The RetailNext Performance Pulse has been issued and the holiday results are in for physical retail performance. In reviewing the results for brick-and-mortar stores, keep in mind it only tells part of the complete story. The digital side of the business is not included in these results, which includes both online and mobile sales.
Overall all for the month of December, store traffic was down 13.4 percent, with corresponding decline in sales of 10.7 percent. Conversion for the month was also down by slightly less than half a point. For its part, sales were actually helped with strong performance in the selling metrics of shopper yield – up 3 percent – and average transaction value – up 5.6 percent.
In December, the Northeast and West regions showed overall better performance than the Midwest and South, and the top traffic day for the entire holiday shopping season proved to be Friday, December 23, unseating Black Friday, November 25, which was the second highest traffic day, for the title.
The Thanksgiving weekend has now morphed into a month-long event starting as early as Halloween, and resulted in Black Friday losing its first place traffic ranking in 2016 (as previously forecasted in October). December 17 and 10 – both Saturdays – took the third and fourth spots in the rankings for store traffic. On the sales side, the top days were December 23, again, as forecasted, followed by Thursday, December 22, which was not forecasted and came as quite the surprise for me. Black Friday itself place third in sales, while this year’s “Super Saturday,” December 17, ranked just fourth.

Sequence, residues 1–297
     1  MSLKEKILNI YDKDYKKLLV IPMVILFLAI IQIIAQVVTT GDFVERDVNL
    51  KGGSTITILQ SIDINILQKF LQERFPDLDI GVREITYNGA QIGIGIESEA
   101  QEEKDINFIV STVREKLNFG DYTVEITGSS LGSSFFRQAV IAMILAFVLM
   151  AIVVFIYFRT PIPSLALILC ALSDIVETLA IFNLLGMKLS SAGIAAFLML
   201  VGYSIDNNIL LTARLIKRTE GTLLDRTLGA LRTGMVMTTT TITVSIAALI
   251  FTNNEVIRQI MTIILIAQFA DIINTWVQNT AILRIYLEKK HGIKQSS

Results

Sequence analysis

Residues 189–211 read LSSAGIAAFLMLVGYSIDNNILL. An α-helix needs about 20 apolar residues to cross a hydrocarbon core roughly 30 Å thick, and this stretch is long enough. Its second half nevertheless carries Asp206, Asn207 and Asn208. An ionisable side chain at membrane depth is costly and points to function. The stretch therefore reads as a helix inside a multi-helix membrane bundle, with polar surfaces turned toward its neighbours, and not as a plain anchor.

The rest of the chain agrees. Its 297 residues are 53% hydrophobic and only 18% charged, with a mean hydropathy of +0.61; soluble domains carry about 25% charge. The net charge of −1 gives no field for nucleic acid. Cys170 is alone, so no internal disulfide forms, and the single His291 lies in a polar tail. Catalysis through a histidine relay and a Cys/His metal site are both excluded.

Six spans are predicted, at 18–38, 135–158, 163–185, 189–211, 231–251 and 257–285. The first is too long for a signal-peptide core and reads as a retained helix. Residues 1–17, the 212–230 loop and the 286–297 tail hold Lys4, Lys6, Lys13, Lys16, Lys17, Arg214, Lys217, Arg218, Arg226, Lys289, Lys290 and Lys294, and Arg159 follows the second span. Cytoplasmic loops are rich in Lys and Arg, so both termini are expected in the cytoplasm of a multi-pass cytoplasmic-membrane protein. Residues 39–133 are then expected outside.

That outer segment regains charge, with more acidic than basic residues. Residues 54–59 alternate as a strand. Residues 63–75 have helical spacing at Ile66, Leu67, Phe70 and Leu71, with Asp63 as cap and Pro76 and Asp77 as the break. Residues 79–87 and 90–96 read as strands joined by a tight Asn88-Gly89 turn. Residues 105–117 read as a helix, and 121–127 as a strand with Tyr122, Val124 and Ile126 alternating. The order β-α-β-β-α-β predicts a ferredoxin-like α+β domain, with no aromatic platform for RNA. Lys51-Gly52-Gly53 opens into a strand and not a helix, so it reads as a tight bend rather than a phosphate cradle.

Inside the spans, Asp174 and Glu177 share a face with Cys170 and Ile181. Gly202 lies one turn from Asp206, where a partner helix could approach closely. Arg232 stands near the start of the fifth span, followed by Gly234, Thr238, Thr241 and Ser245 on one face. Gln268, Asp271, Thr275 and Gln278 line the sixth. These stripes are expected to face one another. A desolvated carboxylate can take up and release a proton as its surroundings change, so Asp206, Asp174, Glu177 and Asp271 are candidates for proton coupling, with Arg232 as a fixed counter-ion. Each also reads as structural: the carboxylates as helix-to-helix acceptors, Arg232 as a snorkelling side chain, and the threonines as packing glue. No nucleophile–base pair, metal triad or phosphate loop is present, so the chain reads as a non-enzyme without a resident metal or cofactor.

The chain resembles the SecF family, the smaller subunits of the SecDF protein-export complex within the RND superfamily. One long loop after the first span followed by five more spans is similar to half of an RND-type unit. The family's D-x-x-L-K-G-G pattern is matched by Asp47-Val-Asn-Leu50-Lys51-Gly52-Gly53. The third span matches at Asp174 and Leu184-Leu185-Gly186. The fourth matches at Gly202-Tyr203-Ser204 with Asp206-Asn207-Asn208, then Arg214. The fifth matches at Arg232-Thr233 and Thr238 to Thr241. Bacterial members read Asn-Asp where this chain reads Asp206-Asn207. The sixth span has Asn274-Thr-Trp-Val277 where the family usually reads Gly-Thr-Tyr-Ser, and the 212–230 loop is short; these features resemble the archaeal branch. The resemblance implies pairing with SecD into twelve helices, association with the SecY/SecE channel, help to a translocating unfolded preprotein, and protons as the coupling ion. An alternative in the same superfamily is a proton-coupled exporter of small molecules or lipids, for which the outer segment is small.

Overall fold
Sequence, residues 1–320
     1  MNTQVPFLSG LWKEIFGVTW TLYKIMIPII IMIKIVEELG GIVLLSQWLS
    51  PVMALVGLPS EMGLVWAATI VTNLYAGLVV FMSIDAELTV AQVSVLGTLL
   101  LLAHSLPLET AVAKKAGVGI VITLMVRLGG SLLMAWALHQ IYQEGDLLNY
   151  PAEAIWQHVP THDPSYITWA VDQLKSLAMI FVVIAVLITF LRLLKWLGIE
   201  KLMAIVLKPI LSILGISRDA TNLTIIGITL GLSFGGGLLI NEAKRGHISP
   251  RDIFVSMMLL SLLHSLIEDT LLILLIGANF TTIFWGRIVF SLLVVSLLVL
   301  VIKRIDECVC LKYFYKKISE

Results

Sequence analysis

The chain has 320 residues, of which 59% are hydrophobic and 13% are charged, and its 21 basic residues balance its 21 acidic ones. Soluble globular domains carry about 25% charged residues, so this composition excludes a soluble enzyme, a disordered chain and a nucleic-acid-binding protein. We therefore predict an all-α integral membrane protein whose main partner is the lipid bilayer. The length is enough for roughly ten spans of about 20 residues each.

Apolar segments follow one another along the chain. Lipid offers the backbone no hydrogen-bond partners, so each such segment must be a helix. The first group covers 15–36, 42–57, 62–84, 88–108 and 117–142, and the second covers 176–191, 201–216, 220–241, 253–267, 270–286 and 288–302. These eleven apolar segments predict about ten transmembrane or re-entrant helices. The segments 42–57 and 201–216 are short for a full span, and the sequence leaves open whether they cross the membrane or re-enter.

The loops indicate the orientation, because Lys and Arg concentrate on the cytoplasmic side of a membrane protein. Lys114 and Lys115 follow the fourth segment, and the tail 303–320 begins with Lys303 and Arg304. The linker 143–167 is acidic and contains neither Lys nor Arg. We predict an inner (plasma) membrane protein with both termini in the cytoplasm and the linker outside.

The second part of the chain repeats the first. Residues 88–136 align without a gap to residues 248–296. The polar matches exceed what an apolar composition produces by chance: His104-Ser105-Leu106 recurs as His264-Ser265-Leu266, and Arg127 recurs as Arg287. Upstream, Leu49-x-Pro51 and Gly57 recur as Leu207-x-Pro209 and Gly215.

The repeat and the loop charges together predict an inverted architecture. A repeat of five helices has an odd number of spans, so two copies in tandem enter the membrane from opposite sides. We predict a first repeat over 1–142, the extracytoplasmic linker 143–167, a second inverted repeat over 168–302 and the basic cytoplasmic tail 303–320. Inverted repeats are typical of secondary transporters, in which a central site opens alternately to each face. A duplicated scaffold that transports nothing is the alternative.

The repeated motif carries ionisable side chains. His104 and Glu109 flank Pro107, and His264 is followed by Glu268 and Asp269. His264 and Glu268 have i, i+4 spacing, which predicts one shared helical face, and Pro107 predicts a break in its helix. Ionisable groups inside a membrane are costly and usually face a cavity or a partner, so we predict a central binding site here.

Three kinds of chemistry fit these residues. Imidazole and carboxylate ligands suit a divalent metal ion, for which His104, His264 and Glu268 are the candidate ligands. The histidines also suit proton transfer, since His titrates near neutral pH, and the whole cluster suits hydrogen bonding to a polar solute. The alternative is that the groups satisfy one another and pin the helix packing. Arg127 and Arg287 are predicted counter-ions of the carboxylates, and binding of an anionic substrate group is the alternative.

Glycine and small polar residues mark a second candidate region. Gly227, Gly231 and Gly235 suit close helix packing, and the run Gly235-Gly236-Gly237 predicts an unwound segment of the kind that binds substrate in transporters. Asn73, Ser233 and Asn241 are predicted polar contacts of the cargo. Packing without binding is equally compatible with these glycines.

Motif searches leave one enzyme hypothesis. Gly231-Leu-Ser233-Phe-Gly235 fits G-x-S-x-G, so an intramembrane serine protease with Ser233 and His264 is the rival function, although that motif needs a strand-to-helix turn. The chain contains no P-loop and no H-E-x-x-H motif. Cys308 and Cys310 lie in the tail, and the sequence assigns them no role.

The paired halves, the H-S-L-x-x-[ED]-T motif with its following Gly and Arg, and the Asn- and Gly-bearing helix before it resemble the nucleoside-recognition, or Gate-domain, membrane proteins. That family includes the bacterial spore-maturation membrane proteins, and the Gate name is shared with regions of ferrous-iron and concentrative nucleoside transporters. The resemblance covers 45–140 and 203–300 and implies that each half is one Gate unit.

A slow start
Both November and December started slowly, but for very different reasons. November’s early stall was a result of the elections earlier in the month, whereas December had a few different factors which impacted early shopping trips to physical stores. Weather in the first few weeks of December was unseasonably warm, the effect of the holiday calendar with Christmas on a Sunday gave shoppers the full week leading up to the holiday to purchase gifts and the current shopper trend of waiting closer to events to make a purchase all weighed into December’s slow start.
As forecasted, week four of December was the strongest week in terms of traffic, sales and shopper metrics including shopper yield (conversion and average transaction value combined), all up over the previous year. The biggest difference in November and December was in the average unit retail measurement, where November’s AUR was down from a year ago with heavier promoting throughout the month and a surprisingly improved AUR in December as compared to 2015.
Retail formats varied greatly with discount stores and off-price showing more positive results, while department stores remained challenged with both traffic and sales. Specialty stores had a wide range of winners and laggards. The winning brands had three common characteristics: 1) a shared experience between physical and digital touchpoints, 2 strong brand loyalty and engagement, and 3) consistent messaging and actions holding true to the brand ethos.